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Re: HTML variants and content negotiation

From: Brian Behlendorf <brian@organic.com>
Date: Mon, 8 Jan 1996 11:36:33 -0800 (PST)
To: Kee Hinckley <nazgul@utopia.com>
Cc: www-talk@w3.org
Message-Id: <Pine.SGI.3.91.960108112938.10147j-100000@fully.organic.com>
On Mon, 8 Jan 1996, Kee Hinckley wrote:
> Brian Behlendorf wrote:
> >	    [a benefit of option II, conditional HTML]
> >         Proxy caches don't have to worry about feature-set negotiation
> >           either - one document, not 2^(# feature-sets) possible documents.
> 
> That is definitely an advantage, proxy servers are a problem with server-side solutions. 
> Although in practice I think the browsers on the other side of proxy servers tend for the 
> most part to support the same type of capabilities.  Organizations with the wherewithall to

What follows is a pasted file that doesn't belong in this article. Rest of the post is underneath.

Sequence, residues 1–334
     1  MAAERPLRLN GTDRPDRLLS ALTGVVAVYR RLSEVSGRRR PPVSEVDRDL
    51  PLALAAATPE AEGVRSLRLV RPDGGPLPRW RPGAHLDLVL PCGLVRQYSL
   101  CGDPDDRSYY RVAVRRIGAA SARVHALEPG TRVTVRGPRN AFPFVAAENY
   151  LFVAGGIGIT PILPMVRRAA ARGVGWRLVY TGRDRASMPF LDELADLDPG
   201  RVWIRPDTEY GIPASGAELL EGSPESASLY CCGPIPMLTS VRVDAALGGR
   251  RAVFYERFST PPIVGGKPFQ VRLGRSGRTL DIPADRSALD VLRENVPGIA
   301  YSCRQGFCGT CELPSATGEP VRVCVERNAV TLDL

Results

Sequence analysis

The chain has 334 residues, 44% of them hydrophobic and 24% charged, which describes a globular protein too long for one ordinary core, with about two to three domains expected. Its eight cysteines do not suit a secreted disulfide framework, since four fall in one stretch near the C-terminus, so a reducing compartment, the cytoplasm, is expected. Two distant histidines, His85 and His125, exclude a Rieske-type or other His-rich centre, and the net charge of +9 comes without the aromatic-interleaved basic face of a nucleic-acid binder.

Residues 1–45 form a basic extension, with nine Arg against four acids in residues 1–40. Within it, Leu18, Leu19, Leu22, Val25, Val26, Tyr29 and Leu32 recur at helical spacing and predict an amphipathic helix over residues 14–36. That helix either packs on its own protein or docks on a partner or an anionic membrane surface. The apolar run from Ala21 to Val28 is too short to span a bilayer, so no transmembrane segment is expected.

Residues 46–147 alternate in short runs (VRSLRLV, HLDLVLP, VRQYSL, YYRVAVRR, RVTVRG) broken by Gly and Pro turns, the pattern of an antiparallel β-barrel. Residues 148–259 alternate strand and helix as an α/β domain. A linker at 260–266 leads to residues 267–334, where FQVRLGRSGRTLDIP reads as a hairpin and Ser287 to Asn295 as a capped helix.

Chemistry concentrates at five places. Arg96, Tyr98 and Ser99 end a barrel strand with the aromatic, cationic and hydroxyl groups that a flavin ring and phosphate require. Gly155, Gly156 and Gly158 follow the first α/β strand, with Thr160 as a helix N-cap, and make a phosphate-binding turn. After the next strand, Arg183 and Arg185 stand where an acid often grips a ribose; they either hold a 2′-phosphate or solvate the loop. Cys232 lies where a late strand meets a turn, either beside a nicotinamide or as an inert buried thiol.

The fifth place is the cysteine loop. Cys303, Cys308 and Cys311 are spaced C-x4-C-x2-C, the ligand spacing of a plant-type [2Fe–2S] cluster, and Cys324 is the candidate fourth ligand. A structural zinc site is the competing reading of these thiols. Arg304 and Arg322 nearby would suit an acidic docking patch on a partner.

> put up proxy servers tend to also have standardized on browsers.

Though browser evolution does tend to be constant, and an organization 
might be able to standardize on one browser but not necessarily a 
particular version of that browser.  I see lots of different levels of 
AOL browsers being used.

> Broken/different browser implementations are a problem.  One advantage of server-side 
> solutions is that we can work around them.  You mentioned the tables-within-tables and 
> inline-within-tables ones.  There are more subtle onces such as whether or not percentage 
> cell widths are supported (not in Netcruiser, with disastrous results (30% becomes 30 
> pixels)).

There's not much we can do, with any solution, that makes writing a 
browser foolproof, accounting for bugs.  If a browser says it can handle 
"tables", and can't, then who loses?  Directly, yes, the user, but I 
would tend to say that should compell the user to improve their browser 
rather than compell the content creator to account for the bug.  The 
content companies that want to stay bugwards compatible have no choice 
but to do user-agent negotiation, I don't think that's an unfair 
conclusion.  At least with conditional HTML it becomes easy to let 
browsers decide (or even users, given the right UI) which features to 
parse.

	Brian

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brian@organic.com  brian@hyperreal.com  http://www.[hyperreal,organic].com/
Received on Monday, 8 January 1996 14:34:30 GMT

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